The Impoundment Control Act of 1974 (ICA) establishes a process for canceling unnecessary and unused funding to executive branch agencies. On May 8, President Trump exercised his authority under the ICA and formally requested Congress rescind $15.4 billion in “unobligated balances”—money that was previously appropriated but never spent. From the time of the request, a 45-day countdown began for congressional action, making their deadline June 22.
Once a rescission bill is introduced and referred to the relevant committee—House Appropriations or Senate Budget and Appropriations Committees—the committee has 25 calendar days to report the bill and send to the full chamber for debate. Debate is limited to two hours in the House, ten hours in the Senate, and two hours for a conference report. Thus bill cannot be unobstructed by the filibuster.
While this is not a new process, many current lawmakers and staff have never gone through the steps before. The President’s request is a small down payment on years of congressional promises of fiscal restraint and will build the necessary muscle memory to return for another round of cuts in the future.
President Trump’s initial proposal cuts back previously appropriated money that is, “no longer necessary, has been diverted from its original intent, or has sat unused for years,” including:
- $7 billion from unnecessary or expired CHIP programs;
- $4.3 billion from the Energy Department’s Advanced Technology Vehicle Manufacturing loan program, inactive since 2011;
- $523 million from the Energy Department’s Title 17 “innovative technology” loan guarantee program, inactive since 2011;
- $252 million from the U.S. Agency for International Development’s 2015 Ebola response;
- $148 million from Animal and Plant Health Inspection Service for already-resolved disease outbreaks;
- $133 million from a Railroad Retirement Board program that ended in 2012;
- $107 million from unused watershed rehabilitation programs following Superstorm Sandy; and
- $47 million from a Federal Transit Administration account that has stagnated for 13 years.
“Over the past decade, it’s become increasingly apparent that Washington has no appetite for fiscal restraint,” wrote former Heritage Action vice president and current deputy director of the White House Office of Management and Budget Russ Vought. “President Trump stands ready to put our fiscal house back in order and put the American taxpayer first. Does the rest of Washington?”
Several Senators and Representatives have come out in support of President Trump’s rescission package, but in order to build momentum for a larger rescissions package, Sentinels need to put pressure on the House to have a strong showing of support. Only then can we shift attention to the Senate and acquire the votes necessary to lay the foundation for going after the next pot of wasteful money.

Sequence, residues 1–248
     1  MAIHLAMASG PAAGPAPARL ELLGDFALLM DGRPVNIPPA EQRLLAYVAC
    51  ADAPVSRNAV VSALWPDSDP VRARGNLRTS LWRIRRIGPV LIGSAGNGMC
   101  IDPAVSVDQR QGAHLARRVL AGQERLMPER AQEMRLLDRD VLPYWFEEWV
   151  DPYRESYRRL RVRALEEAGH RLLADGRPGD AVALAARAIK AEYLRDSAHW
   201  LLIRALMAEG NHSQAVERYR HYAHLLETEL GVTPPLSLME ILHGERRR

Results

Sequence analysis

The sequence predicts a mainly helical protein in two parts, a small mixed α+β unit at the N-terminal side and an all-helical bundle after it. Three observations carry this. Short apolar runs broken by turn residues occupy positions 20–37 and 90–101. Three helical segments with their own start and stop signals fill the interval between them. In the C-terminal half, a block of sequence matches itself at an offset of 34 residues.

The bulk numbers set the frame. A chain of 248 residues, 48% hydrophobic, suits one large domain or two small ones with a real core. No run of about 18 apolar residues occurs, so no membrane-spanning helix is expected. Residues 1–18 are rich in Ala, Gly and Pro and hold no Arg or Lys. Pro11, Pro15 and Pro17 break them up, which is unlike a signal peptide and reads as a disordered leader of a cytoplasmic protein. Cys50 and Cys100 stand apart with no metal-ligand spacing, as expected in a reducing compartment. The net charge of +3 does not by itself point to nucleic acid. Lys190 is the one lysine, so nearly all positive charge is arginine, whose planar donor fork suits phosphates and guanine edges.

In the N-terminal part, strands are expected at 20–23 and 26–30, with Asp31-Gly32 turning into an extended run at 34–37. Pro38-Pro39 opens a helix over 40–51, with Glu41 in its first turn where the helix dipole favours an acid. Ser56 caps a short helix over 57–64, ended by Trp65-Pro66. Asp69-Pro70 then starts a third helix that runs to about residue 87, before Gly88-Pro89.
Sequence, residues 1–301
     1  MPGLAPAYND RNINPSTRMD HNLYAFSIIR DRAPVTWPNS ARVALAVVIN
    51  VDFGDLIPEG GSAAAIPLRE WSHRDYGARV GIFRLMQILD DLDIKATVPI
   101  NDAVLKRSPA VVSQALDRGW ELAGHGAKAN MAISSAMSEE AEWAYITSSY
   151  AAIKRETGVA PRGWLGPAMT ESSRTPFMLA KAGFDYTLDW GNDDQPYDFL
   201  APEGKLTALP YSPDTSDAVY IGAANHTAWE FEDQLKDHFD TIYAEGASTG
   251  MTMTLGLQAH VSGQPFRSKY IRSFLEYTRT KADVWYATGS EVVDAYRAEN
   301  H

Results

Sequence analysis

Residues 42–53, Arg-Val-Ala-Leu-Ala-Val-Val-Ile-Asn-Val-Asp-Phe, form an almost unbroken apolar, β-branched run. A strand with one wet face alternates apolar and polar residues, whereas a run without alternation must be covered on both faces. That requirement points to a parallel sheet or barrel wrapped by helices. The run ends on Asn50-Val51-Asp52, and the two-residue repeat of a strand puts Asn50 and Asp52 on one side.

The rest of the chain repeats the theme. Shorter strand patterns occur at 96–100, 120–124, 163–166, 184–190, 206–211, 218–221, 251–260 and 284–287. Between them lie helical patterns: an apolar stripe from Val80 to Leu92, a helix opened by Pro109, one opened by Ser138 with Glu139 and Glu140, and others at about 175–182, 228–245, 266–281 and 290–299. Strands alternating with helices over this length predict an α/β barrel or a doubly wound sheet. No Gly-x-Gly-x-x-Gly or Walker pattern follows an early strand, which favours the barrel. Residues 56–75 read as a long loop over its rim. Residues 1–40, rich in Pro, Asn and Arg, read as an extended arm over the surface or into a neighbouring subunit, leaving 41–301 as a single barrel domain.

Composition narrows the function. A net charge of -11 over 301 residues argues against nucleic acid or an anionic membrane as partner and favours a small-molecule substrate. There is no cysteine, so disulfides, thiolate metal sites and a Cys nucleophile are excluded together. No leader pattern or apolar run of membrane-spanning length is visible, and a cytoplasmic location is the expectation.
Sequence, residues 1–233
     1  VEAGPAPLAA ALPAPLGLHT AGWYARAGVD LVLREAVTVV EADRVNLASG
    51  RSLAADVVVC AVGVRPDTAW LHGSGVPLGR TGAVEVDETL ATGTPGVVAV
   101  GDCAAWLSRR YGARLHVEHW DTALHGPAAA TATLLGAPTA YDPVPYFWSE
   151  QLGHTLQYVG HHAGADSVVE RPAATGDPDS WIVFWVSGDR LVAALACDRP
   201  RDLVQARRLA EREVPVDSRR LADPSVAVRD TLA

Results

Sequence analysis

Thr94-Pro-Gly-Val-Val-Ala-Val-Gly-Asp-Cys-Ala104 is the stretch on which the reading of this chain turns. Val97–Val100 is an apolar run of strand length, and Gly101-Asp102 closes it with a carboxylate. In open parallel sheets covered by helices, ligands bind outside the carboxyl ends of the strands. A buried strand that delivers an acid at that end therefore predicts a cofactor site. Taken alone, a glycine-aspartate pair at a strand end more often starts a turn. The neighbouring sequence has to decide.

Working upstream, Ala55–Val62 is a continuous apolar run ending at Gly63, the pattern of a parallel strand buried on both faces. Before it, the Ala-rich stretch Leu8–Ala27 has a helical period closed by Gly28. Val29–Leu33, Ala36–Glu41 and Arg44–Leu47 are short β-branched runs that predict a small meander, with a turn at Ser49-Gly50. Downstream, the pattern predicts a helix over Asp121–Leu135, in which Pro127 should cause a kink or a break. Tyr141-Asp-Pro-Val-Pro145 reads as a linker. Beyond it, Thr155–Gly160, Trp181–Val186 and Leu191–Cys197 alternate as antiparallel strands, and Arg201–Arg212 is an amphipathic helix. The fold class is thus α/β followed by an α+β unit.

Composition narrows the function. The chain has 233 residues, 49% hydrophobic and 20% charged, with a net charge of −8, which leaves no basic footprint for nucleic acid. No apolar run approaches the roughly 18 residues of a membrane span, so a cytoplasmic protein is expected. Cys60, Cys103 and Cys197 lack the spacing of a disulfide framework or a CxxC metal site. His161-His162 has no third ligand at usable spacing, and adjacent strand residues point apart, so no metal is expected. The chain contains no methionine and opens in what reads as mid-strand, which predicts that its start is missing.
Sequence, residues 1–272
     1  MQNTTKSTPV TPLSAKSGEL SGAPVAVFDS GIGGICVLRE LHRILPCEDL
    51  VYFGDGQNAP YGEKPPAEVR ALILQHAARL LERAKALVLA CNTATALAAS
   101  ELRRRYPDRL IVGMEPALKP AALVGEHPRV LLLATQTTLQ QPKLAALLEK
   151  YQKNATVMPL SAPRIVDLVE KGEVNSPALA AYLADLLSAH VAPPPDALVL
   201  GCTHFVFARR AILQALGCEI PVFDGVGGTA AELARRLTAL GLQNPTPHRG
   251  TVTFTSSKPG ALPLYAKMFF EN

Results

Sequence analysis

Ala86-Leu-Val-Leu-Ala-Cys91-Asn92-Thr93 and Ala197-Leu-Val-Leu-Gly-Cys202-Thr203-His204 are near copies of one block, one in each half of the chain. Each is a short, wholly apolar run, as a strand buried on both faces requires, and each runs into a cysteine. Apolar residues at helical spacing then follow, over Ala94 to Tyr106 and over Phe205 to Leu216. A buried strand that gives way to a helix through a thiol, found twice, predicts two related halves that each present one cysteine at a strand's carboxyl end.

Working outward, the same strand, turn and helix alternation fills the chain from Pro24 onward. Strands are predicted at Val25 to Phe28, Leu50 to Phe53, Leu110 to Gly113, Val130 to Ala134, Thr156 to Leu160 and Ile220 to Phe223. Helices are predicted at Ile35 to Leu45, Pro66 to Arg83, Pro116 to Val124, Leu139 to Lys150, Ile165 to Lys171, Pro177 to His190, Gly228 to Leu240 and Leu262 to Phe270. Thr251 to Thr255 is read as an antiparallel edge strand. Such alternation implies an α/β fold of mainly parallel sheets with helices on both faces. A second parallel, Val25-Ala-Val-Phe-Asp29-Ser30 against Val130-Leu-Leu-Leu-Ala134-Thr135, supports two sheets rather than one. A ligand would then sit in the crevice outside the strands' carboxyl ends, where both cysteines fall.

Key Talking Points
Demonstrates commitment to fiscal restraint. According to a Gallup poll, 77 percent of Americans are “a great deal” or “a fair amount” concerned with federal spending and the budget deficit. While this package is clearly just a first step, congressional Republicans can demonstrate to midterm election voters that they will govern responsibly and steward taxpayer dollars if re-elected to the majority. Failing to vote for a $15.4 billion rescissions package would do quite the opposite.
Strengthens muscle memory for the future. Though the rescissions process has been utilized in past administrations, this will be the first time staff have had to go through the steps in 20 years. By going after unobligated funds first, current lawmakers and staff have the chance to build familiarity and confidence—and then come back at the new spending!
Takes away congressional “funny money.” This is basic housekeeping. Once rescinded, Congress will no longer be able to use the $15.4 billion as “pay-fors,” unspent money that can be redirected from an old program to a new program. Unused tax dollars should return to the taxpayers, not stay in a congressional slush fund.
These are notes to use when calling your member of Congress. Always remember to make these notes your own and include a personal story if you have one relating to the topic. You can find their phone number on the Heritage Action Scorecard.
Hi, this is [NAME] from [CITY].
I am calling to ask [MEMBER OF CONGRESS] to support President Trump’s $15 billion rescission request. Far too many members of Congress promise fiscal restraint during campaigns, but few ever try to deliver on that promise. The President’s rescissions request is a small down payment on those long standing promises.
It is important to me, as a constituent, that the federal government cut government waste. President Trump’s request to rescind unspent money from programs that no longer have the authority to spend, are dormant, or are no longer necessary is good housekeeping. Every taxpayer dollar should be spent carefully or returned to the American people.
This is not a new process. In fact, every president from Ford to Clinton successfully rescinded funds. From 1974 to 2000, Members of Congress in both parties have supported rescissions packages similar to this one.
I would like [MEMBER OF CONGRESS] to honor that tradition, stand up for fiscal sanity, and support President Trump’s rescission request.
Thank you, and please pass along my message to [MEMBER OF CONGRESS].